From the Los Angeles Times
> First sprouts of a vertical cityscape
> L.A.'s top architects say three- and four-story complexes could
> provide the answer to the mayor's call for more housing.
> By Janet Eastman
> Times Staff Writer
> May 4, 2006
> ARCHITECT Lorcan O'Herlihy's custom touches were exactly what Sara
> Beugen and Stephen Mabry wanted in their new home — a light-filled,
> industrial modern in West Hollywood with polished concrete floors
> and open-to-the-sky steel catwalks crossing the upper levels of the
> condominium complex.
> Over in South Pasadena, two other architects, Elizabeth Moule and
> Stefanos Polyzoides, created a private retreat and communal
> experience for Juan Posada, whose second-floor loft has soaring
> ceilings and a terrace overlooking a courtyard where he and his
> neighbors barbecue.
> Yet none of the architects worked directly for, or even with, these
> residents. O'Herlihy, Moule and Polyzoides adhered to the principle
> that sharp design could entice people into a compact vertical
> lifestyle. They, along with other progressive local architects, see
> enormous creative opportunities in multifamily housing of fewer
> than 50 units on an acre.
> And the timing couldn't be better. The designs, which are more
> about good use of space and light rather than square footage, could
> help coax Angelenos out of single-family homes and a horizontal way
> of life.
> Adding new homes — a few dozen small ones at a time — to existing
> neighborhoods is part of Mayor Antonio Villaraigosa's plan to
> relieve L.A.'s housing shortage. If the new dwellings are close to
> public transit, all the better. If they rid the neighborhood of an
> eyesore, longtime residents win too.
> Villaraigosa's newly appointed city planner S. Gail Goldberg, who
> is credited with helping San Diego turn around its downtown with
> multiunit housing, believes well-situated three- and four-story
> buildings, not monolithic high-rise towers, are the way to re-
> energize communities. San Diego's approach to density was to create
> a city of villages. For Los Angeles' boulevards, Goldberg sees
> shops, restaurants and people-watching spots. Down the side
> streets, houses. Filling in between the existing shops and houses,
> multifamily designer dream pads.
> Even critics of the mayor's call for higher density see this as a
> better way to grow.
> "I don't think there is a desire for massive density but a low- and
> midrise strategy makes a lot of sense," says Joel Kotkin, an urban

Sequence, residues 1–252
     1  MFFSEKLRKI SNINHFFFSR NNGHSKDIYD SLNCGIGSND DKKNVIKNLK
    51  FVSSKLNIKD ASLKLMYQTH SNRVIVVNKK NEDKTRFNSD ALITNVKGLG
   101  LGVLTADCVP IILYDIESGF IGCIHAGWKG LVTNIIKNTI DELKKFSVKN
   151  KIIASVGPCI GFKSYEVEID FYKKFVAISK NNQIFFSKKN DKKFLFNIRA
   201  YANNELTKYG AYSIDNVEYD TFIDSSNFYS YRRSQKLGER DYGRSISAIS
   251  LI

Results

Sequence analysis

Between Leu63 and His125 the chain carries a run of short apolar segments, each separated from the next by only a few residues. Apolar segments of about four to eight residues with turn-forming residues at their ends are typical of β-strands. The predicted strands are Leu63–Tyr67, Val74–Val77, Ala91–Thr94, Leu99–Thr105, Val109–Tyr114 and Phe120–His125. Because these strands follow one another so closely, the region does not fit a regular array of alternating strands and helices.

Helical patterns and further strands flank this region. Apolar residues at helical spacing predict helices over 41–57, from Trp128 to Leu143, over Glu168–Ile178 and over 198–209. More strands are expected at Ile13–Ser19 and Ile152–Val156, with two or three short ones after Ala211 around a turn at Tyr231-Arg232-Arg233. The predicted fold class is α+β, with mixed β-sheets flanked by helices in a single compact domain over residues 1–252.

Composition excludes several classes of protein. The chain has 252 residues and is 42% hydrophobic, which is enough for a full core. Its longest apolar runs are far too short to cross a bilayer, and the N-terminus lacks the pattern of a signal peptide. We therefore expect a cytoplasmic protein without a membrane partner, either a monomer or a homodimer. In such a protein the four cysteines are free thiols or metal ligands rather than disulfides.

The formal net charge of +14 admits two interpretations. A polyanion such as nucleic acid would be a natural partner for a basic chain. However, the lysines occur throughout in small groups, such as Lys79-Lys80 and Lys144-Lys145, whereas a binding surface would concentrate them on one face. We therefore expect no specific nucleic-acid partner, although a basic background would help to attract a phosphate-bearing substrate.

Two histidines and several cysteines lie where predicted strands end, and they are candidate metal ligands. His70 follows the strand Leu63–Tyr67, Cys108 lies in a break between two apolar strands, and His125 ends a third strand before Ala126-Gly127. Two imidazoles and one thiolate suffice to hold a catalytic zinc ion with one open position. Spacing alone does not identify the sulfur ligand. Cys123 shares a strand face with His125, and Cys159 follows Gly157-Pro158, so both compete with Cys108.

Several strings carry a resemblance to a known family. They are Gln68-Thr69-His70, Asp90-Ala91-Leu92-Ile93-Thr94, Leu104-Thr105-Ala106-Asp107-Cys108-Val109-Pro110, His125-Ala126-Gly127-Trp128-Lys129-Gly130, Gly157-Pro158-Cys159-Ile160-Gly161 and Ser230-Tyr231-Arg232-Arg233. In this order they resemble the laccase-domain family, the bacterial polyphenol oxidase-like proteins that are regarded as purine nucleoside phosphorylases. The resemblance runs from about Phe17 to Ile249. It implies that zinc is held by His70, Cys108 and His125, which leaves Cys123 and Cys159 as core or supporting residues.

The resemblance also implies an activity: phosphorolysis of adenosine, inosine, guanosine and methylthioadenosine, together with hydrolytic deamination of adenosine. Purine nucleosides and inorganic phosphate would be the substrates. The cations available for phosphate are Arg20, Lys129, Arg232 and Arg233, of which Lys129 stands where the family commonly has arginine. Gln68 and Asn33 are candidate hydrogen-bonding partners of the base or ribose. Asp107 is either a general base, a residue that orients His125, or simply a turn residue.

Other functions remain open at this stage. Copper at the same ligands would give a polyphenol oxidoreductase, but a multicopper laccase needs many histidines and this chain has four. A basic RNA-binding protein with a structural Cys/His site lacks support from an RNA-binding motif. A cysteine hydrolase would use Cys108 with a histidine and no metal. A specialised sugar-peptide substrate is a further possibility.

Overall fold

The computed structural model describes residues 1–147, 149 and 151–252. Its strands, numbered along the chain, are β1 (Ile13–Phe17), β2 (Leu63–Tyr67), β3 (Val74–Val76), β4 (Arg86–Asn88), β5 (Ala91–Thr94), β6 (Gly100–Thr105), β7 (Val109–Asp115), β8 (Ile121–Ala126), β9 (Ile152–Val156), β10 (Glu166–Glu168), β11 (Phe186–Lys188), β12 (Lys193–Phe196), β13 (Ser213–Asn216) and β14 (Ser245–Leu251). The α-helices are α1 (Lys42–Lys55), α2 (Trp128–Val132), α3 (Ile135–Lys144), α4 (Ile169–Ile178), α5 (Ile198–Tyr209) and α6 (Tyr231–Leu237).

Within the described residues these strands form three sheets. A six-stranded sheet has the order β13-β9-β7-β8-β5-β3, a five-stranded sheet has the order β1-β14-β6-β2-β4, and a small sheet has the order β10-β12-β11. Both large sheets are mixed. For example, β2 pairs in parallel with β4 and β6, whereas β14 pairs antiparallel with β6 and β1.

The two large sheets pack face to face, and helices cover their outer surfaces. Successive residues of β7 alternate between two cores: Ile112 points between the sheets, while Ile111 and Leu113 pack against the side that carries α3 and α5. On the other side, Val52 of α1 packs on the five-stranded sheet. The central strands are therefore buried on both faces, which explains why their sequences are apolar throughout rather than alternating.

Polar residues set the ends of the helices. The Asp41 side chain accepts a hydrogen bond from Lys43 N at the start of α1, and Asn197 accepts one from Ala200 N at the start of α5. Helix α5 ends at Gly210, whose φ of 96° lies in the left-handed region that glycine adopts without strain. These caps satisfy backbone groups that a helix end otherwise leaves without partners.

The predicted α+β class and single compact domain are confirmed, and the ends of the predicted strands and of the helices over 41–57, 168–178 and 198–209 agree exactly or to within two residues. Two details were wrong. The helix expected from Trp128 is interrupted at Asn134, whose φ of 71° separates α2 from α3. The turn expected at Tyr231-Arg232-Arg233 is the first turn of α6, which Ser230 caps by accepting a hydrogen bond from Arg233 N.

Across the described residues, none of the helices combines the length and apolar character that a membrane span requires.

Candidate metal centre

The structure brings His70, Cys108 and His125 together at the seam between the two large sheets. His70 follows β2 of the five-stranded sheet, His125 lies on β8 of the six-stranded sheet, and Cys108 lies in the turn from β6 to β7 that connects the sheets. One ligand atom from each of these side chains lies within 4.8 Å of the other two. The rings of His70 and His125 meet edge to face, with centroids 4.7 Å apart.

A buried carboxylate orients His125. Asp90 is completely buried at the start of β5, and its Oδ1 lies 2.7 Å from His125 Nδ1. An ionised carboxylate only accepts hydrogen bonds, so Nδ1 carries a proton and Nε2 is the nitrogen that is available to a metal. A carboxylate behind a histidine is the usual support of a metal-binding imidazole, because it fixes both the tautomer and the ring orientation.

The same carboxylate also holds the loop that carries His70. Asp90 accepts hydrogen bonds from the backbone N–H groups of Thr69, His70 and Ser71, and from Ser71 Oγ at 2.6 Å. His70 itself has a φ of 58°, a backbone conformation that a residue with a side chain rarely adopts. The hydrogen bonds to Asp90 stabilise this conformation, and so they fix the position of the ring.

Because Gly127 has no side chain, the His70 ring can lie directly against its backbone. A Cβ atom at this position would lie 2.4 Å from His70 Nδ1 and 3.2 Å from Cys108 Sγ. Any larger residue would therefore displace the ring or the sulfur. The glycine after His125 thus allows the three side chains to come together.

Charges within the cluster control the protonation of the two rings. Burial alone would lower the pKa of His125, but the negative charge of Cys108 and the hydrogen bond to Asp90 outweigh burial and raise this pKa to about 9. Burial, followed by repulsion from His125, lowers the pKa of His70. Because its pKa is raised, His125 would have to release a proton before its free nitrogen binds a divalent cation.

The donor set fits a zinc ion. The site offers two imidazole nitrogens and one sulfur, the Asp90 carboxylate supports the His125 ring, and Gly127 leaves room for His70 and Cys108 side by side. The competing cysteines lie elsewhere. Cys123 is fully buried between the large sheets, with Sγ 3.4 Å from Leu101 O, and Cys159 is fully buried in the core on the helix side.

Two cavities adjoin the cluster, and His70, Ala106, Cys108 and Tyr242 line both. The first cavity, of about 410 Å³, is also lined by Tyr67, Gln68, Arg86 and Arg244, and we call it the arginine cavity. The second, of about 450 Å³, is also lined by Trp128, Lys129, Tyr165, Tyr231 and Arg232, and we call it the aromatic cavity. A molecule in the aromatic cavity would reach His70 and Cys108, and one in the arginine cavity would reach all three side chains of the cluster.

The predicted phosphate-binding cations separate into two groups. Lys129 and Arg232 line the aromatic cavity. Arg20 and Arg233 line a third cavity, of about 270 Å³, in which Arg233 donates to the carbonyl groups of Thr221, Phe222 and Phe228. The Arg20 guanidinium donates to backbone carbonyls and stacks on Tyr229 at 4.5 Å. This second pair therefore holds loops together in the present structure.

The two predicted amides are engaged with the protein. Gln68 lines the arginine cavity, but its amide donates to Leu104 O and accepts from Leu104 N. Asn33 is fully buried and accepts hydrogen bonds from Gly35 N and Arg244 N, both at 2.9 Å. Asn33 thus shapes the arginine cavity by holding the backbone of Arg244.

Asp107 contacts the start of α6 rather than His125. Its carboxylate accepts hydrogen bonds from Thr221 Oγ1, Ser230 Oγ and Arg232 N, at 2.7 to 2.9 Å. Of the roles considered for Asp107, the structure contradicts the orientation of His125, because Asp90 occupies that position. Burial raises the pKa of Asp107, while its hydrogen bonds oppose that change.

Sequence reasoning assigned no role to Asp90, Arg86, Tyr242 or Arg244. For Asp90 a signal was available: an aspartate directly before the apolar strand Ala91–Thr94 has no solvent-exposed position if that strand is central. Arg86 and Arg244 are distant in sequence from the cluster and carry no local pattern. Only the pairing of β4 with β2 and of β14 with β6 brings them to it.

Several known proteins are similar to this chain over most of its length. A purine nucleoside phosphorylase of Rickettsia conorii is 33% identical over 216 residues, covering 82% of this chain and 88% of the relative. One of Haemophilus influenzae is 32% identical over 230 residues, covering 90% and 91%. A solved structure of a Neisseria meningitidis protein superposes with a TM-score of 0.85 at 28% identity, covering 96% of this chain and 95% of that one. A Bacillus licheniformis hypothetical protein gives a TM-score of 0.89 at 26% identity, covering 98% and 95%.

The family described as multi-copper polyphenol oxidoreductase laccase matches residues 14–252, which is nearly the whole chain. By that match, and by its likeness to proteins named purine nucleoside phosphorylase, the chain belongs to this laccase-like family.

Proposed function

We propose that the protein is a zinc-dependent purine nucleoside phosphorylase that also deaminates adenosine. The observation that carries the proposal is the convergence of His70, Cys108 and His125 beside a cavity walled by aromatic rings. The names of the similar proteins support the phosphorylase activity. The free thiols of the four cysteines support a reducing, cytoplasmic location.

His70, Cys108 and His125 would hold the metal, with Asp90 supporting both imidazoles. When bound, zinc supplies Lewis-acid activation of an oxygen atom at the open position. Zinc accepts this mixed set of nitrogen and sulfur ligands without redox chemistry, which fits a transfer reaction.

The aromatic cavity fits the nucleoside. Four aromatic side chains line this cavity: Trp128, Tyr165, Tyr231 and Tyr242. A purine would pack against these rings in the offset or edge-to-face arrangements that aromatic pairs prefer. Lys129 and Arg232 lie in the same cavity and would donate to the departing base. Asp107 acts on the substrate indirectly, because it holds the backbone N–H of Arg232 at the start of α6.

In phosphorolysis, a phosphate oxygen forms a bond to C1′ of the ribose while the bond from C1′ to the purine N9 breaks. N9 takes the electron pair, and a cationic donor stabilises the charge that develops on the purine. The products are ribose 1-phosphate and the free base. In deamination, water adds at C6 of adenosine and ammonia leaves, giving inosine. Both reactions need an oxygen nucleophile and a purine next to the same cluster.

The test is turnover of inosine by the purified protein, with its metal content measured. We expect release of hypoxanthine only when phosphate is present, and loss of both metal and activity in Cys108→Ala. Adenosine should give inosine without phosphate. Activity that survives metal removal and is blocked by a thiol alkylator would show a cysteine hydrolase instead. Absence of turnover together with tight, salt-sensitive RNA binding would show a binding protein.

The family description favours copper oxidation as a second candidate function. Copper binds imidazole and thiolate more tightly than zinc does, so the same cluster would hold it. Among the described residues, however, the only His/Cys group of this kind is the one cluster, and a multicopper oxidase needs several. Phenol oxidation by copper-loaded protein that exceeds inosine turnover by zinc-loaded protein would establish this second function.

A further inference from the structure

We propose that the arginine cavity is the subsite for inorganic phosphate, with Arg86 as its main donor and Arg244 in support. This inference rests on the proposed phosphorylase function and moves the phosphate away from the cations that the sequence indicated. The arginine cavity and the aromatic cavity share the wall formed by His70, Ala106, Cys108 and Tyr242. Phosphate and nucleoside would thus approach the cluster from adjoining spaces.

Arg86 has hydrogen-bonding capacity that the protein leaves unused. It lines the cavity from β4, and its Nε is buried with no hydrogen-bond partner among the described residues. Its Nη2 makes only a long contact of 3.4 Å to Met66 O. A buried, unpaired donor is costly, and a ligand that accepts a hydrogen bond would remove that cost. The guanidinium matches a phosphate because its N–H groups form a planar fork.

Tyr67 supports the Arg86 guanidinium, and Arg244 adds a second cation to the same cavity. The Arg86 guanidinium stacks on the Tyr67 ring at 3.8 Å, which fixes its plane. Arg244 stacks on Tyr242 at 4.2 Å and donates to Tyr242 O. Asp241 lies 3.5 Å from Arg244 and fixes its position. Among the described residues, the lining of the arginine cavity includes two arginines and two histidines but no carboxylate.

> commentator and author of "The City: A Global History." He often
> disagrees with Los Angeles politicians, developers and others who
> "get on density jihads." That includes the mayor, he says.
> If built in an underutilized area or if replacing "a crappy strip
> mall," however, a small condo development is not a high price to
> pay for a better district, says Kotkin, a longtime house owner in
> Valley Village. "This is particularly attractive if it brings in
> stores and other amenities that are in walking distance of single-
> family homes."
> With less open space for traditional single-family homes, housing
> experts say that a portion of new development will be devoted to
> urban, mid-size projects especially in existing neighborhoods. Good
> design, architects and developers say, can make a big difference in
> attracting residents doubtful about sharing walls with their
> "There is a new language in housing, a new market for those who
> want to live in urban areas and who have an appreciation of
> design," says O'Herlihy, whose Culver City architectural firm
> shifted from sleek contemporary houses with ocean or hillside views
> to multifamily projects two years ago. His first project was the
> condo complex in West Hollywood that Beugen and Mabry moved into in
> January; the 10 units there sold out before construction was
> completed. He now has nine mid-size projects under development or
> construction in Los Angeles. "Our previous residential work was a
> lab for these new projects."
> Many of the new dwellings are 21st century twists on the classic
> 1920s courtyard apartments designed by Irving Gill, Richard Neutra
> and others who artfully interpreted living in close-quarters.
> Besides creating a sun-filtering, roomy and indoor-outdoor
> ambience, many of the new designs offer custom floor plans, private
> terraces, generous storage areas and designer touches such as
> translucent channel glass and stone shower stalls.
> And unlike high-rises and economical apartment buildings of the
> 1960s and '70s, in which budgets and construction restraints
> dictated look-alike floor plans and tunnel-like hallways, these new
> mid-rise buildings are designed not only for looks but also for
> getting people out of cars — "feet on the street," as city planner
> Goldberg puts it.
> "We fell in love with this place," says Posada, 36, a photographer
> who lives in his one-bedroom loft in South Pasadena with his wife
> Sally McKissick, 39, and their 10-month-old daughter, Maria. They
> wanted to buy a house with a yard but sticker shock brought them to
> this rental near the Gold Line's Mission Station.